By far the most influential treaty active today regarding the protection of place and production is the Trade Related Aspects of Intellectual Property Rights (TRIPS) proposed by the World Trade Organization (WTO). TRIPS went into effect in 1995 to address the international protection of GIs within a WTO framework (Parasecoli 2017). It laid out two types of GIs: Protected Designation of Origin (PDO) and Protected Geographical Indication (PGI). PDOs are the most restrictive and only allow characteristics resulting solely from the terrain and abilities of producers in the region of production to qualify for this designation. A favorite example is champagne, which can come only from a designated area of France’s Champagne region. PGIs are less restrictive. To gain a PGI, there must be a characteristic or reputation associating the product with a given area, and at least one stage in the production process must be carried out in that area. This means raw materials used in production often come from elsewhere. An example of this is bresaola della Valtellina, a northern Italian cured meat made from beef. Producers making bresaola della Valtellina source raw beef from outside the region but cure the meat locally. In Italy, there is another distinction backed by the European Union but not outlined in TRIPS, called Traditional Specialty Guaranteed (TSG). This EU designation is the least restrictive and highlights the “traditional” methods used to make the food. An example of a TSG is Neapolitan pizza.
Today, there are approximately 65,900 protected GIs across the globe, and the majority of GIs indicate an origin from Europe. Only approximately .001 percent of GIs come from the continent of Africa (WIPO 2017, 2019: 182–183). Does this mean hardly any authentic craft goods or food products are worthy of a GI on the continent? Even writing the question feels ridiculous. But the question and the answer—a resounding no—lead us to ask: What do these indications do in the world? How is authenticity legally, politically, and socially created? By whom? And to what end? In this special section, the authors focus on production—of salami, olive oil, cheese, and dried figs—to understand the people, places, and traditions considered as authentic to shed light on who is missing, what is left unsaid in this process, and what worlds are being generated.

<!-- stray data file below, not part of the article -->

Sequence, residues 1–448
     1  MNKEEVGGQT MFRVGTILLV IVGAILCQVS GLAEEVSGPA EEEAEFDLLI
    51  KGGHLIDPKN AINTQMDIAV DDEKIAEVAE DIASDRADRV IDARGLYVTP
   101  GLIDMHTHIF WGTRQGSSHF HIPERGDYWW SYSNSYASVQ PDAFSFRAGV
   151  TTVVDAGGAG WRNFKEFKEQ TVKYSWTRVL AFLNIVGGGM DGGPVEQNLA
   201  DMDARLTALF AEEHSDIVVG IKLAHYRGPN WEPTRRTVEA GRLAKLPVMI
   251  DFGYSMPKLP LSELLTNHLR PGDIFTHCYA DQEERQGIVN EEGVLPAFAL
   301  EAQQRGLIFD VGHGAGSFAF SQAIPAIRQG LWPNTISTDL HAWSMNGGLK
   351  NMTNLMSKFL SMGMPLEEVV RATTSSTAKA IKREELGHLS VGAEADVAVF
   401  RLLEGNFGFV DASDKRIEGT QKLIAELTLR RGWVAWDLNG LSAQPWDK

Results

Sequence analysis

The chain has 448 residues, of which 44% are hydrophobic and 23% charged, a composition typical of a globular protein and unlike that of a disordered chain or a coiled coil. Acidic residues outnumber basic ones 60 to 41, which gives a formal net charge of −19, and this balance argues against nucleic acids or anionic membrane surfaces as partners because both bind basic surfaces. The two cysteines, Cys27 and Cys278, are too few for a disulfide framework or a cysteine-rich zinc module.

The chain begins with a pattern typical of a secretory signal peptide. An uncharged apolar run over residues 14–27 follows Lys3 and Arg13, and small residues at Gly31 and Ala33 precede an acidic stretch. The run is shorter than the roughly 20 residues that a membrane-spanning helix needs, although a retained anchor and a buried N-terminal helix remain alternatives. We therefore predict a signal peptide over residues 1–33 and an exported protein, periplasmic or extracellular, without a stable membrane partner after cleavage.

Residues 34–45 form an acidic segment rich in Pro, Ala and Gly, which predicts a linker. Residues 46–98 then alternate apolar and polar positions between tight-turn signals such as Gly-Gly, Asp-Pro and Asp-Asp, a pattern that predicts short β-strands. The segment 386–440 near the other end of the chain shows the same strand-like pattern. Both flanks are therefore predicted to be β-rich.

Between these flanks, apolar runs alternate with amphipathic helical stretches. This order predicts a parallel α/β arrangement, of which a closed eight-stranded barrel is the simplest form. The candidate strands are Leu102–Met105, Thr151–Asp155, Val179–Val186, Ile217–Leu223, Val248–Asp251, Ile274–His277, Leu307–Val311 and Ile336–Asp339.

All the authors in this section grapple with the concept of a taste of place, which creates new possibilities for the artisanal producer. And artisanal producers use many terms to describe what they do because each case is unique, even though the global regime of Geographical Indications would have consumers think otherwise. For the artisanal producers we meet in Jillian Cavanaugh’s article, the emphasis is less about place and more about generations of family members participating in craft foods. This is summed up in the term nostrano, which we learn means “ours” and connotes pride in family business. We also see concepts change. As Cristina Grasseni shows in her article, tipicità once meant an unmediated relationship between the artisanal producer and her land, animals, and processing. In the wake of a global pandemic, tipicità becomes a way to support the artisanal producer. In her article, Amanda Hilton draws attention to the distinction between qualità, evaluated with training, and genuino, an unmediated passion for olive oil. Rather than the trained palate, something genuino invokes the social relationships that come from participating in markets and working with others. Hilton asks readers to “think more carefully about which characteristics we ascribe to foods, and with what motivations, justifications, and effects upon whom.” Characteristics come not only from the soil and the place, as Elizabeth Krause points out in her article, but the different micro-ecologies within a territory, and the disciplined practices as well as improvisations of growing and curating figs.